Biden and senators on verge of striking immigration deal aimed at clamping down on illegal border crossings

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Eagle Pass, Texas — A bipartisan group of lawmakers in Congress is on the verge of striking a deal with the Biden administration that would enact sweeping new border controls, including the authority to pause asylum processing during spikes in migrant crossings, three people familiar with the talks told CBS News. 

After weeks of closed-door negotiations, the White House and a trio of senators could unveil an agreement as early as this week, the sources said, requesting anonymity due to the private nature of the conversations. The bill is designed to reduce the unprecedented levels of illegal crossings recorded along the southern border in the past three years.

While GOP Sen. James Lankford, Democratic Sen. Chris Murphy and independent Sen. Kyrsten Sinema are close to finalizing the compromise with the White House, any bipartisan immigration proposal would face an uphill battle in the House, where Speaker Mike Johnson and other conservative lawmakers have pushed for even stricter changes to the asylum system.

Divisions among Republican lawmakers over whether to support a border deal with Mr. Biden have also intensified after former President Donald Trump came out against it. At a rally in Las Vegas on Saturday, Trump said he would “rather have no bill than a bad bill.”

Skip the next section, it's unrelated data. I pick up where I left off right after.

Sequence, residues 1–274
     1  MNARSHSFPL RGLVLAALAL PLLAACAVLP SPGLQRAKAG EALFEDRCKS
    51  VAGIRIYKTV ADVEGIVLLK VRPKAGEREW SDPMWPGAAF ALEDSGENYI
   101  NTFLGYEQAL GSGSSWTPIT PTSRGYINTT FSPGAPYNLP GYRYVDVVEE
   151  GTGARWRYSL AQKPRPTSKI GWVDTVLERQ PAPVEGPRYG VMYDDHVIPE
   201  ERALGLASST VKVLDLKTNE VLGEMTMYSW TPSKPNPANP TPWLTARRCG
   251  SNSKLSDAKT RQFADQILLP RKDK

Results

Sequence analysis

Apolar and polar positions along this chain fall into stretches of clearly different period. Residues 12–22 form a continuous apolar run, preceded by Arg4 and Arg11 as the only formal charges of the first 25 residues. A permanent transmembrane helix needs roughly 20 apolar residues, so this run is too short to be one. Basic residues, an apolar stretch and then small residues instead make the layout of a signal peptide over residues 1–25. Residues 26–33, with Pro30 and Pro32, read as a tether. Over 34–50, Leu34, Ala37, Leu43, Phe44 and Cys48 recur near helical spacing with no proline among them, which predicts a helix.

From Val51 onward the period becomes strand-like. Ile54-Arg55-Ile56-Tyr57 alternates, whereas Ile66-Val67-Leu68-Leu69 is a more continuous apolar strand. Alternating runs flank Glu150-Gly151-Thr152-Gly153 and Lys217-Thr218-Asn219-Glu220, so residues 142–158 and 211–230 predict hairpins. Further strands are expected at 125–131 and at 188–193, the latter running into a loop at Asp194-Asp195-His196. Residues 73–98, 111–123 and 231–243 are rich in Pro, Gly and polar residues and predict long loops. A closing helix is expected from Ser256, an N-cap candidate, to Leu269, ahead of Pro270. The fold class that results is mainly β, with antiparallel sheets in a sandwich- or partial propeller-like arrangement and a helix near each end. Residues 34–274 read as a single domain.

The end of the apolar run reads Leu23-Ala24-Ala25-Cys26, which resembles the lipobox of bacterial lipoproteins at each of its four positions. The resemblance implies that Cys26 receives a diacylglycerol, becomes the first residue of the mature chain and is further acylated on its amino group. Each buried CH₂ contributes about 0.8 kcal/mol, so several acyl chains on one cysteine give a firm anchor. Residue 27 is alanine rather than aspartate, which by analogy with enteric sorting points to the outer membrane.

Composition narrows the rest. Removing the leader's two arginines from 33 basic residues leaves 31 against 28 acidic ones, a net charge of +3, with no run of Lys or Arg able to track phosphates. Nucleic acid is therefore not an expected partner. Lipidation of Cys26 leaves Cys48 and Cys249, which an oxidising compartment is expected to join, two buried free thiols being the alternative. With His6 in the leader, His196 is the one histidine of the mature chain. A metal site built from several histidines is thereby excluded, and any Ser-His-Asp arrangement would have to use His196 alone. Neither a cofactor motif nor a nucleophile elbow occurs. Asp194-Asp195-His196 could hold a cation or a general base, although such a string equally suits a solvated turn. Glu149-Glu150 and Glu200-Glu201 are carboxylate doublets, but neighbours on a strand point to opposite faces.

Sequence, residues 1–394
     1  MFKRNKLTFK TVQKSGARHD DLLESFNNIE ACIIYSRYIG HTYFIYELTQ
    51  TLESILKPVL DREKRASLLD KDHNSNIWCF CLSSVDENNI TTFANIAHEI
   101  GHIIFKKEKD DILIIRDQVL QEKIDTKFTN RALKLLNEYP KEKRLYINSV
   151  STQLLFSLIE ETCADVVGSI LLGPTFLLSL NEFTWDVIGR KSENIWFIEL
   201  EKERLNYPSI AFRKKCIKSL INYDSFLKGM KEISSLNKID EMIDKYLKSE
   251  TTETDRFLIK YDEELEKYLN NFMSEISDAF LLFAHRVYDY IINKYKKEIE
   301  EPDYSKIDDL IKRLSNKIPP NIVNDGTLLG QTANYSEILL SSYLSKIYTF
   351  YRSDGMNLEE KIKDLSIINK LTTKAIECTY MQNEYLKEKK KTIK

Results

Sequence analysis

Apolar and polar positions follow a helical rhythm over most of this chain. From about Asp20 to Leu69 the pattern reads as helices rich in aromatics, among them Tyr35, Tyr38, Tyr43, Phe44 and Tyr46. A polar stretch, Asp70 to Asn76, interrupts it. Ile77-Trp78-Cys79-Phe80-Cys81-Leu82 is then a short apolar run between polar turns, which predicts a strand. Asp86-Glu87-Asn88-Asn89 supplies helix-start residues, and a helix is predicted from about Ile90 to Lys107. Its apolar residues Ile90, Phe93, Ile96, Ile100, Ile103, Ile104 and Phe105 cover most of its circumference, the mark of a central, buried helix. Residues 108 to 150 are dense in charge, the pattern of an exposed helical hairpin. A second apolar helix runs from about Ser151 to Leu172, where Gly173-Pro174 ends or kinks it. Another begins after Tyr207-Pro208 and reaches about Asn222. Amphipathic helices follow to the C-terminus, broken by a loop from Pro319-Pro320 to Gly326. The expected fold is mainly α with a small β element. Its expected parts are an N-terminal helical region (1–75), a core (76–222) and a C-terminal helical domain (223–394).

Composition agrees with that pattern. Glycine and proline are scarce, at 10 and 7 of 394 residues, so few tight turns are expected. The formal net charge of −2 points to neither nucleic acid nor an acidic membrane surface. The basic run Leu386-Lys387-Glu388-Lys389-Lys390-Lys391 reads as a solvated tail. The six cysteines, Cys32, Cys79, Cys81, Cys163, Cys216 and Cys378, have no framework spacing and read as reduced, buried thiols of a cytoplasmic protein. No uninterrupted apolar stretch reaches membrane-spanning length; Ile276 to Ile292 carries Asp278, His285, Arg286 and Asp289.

What the immigration deal would do

If enacted into law, the emerging deal would mark the first major bipartisan overhaul of the nation’s immigration system since the 1990s. 

The agreement is expected to give the executive branch a new legal authority to effectively suspend asylum in between official ports of entry when migrant crossings surpass certain thresholds. That would affect remote areas in Arizona, California, New Mexico and Texas where migrants regularly cross into the U.S. illegally to surrender themselves to overtaxed federal immigration officials who often release them because they don’t have the resources to screen everyone for asylum. 

Migrants are taken into custody by officials at the U.S.-Mexico border on Wednesday, Jan. 3, 2024, in Eagle Pass, Texas.